With the influx of automation technologies, we find ourselves continually surrounded by screaming headlines:
Analysts and consulting firms (and maybe divorce lawyers!) smell blood in this new wave of revenue generation panic.
I see more and more organisations looking for the kind of skills to transform organisations’ operational delivery. Similarly, they’re looking for leaders who can help their workforce through a fundamental shift in how they operate and deliver their services. It’s clear that organisations themselves believe this gear-shift is real, so are these the classic traits of a self-fulfilling prophecy?
Manufacturers have a long tradition of automation technologies and replacing human labour with robotic devices, and this trend is spilling over into other industries. People-heavy sectors like financial services have been quick to adopt. ANZ Bank have recently announced that they have 2,000 bots responsible for working on 85% of their processes, which has helped them avoid 34 regulatory breaches over the past couple of years. They’re now seeking to increase their bot army to 12,000.
Professional classes are not immune to the effects of automation – knowledge will not necessarily afford the protection it once did. Economists Richard and Daniel Susskind posit two futures: one reassuringly familiar – a more efficient version of what we have today; and another much more transformational one – a gradual replacement of professionals by increasingly capable systems.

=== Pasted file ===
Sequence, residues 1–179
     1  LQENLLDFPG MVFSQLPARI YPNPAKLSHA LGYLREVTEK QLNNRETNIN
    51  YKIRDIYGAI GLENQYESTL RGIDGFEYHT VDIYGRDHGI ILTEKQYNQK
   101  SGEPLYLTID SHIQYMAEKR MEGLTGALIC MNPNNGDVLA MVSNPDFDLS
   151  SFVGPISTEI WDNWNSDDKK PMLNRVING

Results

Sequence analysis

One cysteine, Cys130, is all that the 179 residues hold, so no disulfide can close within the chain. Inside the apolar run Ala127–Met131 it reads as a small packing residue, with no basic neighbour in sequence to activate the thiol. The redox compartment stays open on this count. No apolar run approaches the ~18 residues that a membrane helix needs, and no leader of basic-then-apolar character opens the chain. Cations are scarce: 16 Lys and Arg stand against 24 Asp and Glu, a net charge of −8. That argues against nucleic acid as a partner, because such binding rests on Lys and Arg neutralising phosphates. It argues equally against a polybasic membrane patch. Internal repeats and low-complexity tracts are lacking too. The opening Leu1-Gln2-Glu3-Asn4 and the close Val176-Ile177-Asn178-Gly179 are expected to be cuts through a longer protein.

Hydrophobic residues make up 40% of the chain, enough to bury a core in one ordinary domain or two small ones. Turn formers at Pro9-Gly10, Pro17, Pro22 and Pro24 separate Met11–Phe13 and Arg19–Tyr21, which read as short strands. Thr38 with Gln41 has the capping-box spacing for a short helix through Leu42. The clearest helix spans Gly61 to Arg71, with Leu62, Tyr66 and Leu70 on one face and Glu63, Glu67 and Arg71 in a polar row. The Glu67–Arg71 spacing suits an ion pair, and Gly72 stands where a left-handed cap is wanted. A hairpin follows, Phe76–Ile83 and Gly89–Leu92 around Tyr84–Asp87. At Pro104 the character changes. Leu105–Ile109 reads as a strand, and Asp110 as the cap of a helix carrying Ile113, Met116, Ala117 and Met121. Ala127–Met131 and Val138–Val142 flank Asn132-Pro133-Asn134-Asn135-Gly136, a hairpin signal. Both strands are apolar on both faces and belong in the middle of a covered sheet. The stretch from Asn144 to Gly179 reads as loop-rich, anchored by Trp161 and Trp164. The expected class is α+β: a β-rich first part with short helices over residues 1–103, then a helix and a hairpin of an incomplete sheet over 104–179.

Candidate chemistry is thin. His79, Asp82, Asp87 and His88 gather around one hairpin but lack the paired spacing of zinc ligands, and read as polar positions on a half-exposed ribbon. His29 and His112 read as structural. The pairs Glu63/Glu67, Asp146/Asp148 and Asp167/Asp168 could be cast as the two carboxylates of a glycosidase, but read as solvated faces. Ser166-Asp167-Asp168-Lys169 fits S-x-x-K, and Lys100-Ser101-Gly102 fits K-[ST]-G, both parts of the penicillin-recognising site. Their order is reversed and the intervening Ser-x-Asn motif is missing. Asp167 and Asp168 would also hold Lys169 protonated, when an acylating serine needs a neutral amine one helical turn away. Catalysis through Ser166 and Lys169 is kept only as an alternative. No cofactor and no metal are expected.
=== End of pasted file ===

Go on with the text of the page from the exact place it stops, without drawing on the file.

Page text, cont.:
Accountants run a 95% risk of automation in the next 10-20 years. When professional work is broken down into its constituent tasks, many of these turn out not to be so complex after all, and can be done by less qualified people with the support of systems, or indeed, machines.
On first blush, all this looks to be hugely destructive to workforce morale. While it would be naïve to skirt around the issue of redundancy, there is evidence to show that collaboration with automation technologies often actually engenders a greater feeling of worth for the individuals concerned. With mundane, monotonous tasks removed from their daily workload, workers can focus on more rewarding parts of their jobs.
A different type of workforce is starting to emerge. In contact centres for instance, agents no longer have to worry about routine elements like customer identification and verification, or wrapping calls. They may not even need to have specialist knowledge because all this can be fed to them by smart systems enabling them to work across multiple services lines. Agents can just focus on the human interaction and satisfaction – the part that people remember.
In the coming years, everyone who needs expertise or knowledge will have some cognitive assistance – be that students, teachers, financial workers, analysers of information or decision makers. This will augment and advance workers, rather than replace them.
How the automated workforce is organised raises other interesting questions. Will employment be based on contracts for multiple projects that draw on expertise in automation? How is the so-called ‘digital workforce’ managed, including hybrid teams of software bots and human agents?
All are questions that will come to light in years to come. But we can conclude that the heart of good automation is looking at where humans and technologies strengths can really be best applied, and combining them, to improve and refine effectiveness. Rigour and accuracy at volume and at pace are often best suited to softwares. Creativity, so-called “large-frame thinking” and decisioning (outside of pre-defined rules) are best left to humans.
There is little doubt that automation technologies will fundamentally reshape the organisations we work in and are served by, and this will present business leaders with challenges and opportunities in equal measure. I’ll look at this in the concluding part of this mini-series.